Too much advice and not enough productivity?

Simple advice can usually be taken the opposite way.

  • Want to achieve your goals?  Make them public!  No, keep them private!
  • Want to focus better on revision?  Listen to music while you work!  No, sit in silence!
  • Want to save money on your shopping bill?  Make a list!  No, shop less strictly to bag the bargains!

You may have heard me say that one person’s poison is another person’s potion.  When it comes to uncomplicated suggestions from a friend, or a blog post with some quick tips, the advice won’t necessarily work for you.

 

photo by RobeRt Vega

photo by RobeRt Vega

If there was a single answer, we’d all take that route and we’d all love the success it brought.  Nobody would have to worry.  But, naturally, life isn’t like that.

The same goes for if a selection of answers all produced the same, successful, result.  Suggestions are great, but you have to make them your own before they’ll work.  Even then they may not yield the fruit you were expecting.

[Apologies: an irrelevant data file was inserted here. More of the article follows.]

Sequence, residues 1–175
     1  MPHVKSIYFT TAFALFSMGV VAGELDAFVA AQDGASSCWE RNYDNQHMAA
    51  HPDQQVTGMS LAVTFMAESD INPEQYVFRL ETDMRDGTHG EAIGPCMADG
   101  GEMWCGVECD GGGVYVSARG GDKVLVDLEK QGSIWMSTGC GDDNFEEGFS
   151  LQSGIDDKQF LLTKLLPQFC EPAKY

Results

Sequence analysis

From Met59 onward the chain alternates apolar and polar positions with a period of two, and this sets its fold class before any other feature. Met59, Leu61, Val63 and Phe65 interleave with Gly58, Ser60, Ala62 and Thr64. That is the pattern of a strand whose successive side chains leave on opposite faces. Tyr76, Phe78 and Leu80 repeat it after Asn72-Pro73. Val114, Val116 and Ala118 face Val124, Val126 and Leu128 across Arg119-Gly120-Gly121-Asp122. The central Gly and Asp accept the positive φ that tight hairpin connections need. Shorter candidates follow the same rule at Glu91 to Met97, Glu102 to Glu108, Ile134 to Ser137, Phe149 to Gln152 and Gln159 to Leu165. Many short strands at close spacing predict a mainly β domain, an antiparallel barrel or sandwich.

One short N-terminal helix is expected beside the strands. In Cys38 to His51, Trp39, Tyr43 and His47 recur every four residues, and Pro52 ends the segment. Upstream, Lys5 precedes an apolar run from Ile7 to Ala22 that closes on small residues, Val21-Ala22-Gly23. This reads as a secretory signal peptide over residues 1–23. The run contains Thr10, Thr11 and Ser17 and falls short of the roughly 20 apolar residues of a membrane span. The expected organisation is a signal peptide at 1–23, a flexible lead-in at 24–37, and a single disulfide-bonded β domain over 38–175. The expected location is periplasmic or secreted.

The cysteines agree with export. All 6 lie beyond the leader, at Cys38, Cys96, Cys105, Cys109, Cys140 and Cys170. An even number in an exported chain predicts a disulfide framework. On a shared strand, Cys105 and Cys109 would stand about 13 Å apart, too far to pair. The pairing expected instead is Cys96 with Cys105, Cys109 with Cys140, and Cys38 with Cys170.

Yes, it’s frustrating, but life isn’t simple.  That’s why so many people are hooked on finding a quick fix or an astounding life hack.

Whenever you stumble upon something great, let’s call it ‘lucky’.  Without seeking any advice, you won’t be as lucky as one who does the searching.  You do have to ‘create your own luck‘ to an extent.  However, there is a saturation point where even the one who searches is wasting their time.

After all, there are so many blogs devoted to study tips and life hacks that it’s easy to spend too much time reading themDo you really want to save time, or do you want to procrastinate? At some point, you need to act on the advice you already have.

Darren Rowse of ProBlogger made some great points over Twitter about all the supposedly time-saving advice out there:

“Problem with productivity techniques: so many focus upon how we can stuff more into life – which just sets us up for heart attacks later.  Not sure what the answer is but it strikes me that a better approach to productivity would be becoming focused and doing less things better.  Or maybe thinking about all this productivity stuff is just a distraction from being productive.”

Darren was inspired to make those comments because of this video: